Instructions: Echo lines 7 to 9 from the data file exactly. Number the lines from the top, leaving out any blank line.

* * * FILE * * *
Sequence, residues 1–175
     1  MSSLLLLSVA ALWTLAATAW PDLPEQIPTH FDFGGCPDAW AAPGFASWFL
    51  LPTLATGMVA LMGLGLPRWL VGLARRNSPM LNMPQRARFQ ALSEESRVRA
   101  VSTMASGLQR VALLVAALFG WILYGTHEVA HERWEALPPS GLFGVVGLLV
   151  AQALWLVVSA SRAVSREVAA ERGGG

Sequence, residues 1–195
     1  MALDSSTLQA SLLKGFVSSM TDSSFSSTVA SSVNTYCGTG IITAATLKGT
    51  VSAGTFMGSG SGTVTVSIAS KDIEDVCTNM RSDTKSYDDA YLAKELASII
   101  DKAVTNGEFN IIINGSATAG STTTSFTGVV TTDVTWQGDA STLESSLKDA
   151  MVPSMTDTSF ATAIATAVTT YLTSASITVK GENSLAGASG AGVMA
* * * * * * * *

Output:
     1  MALDSSTLQA SLLKGFVSSM TDSSFSSTVA SSVNTYCGTG IITAATLKGT
    51  VSAGTFMGSG SGTVTVSIAS KDIEDVCTNM RSDTKSYDDA YLAKELASII
   101  DKAVTNGEFN IIINGSATAG STTTSFTGVV TTDVTWQGDA STLESSLKDA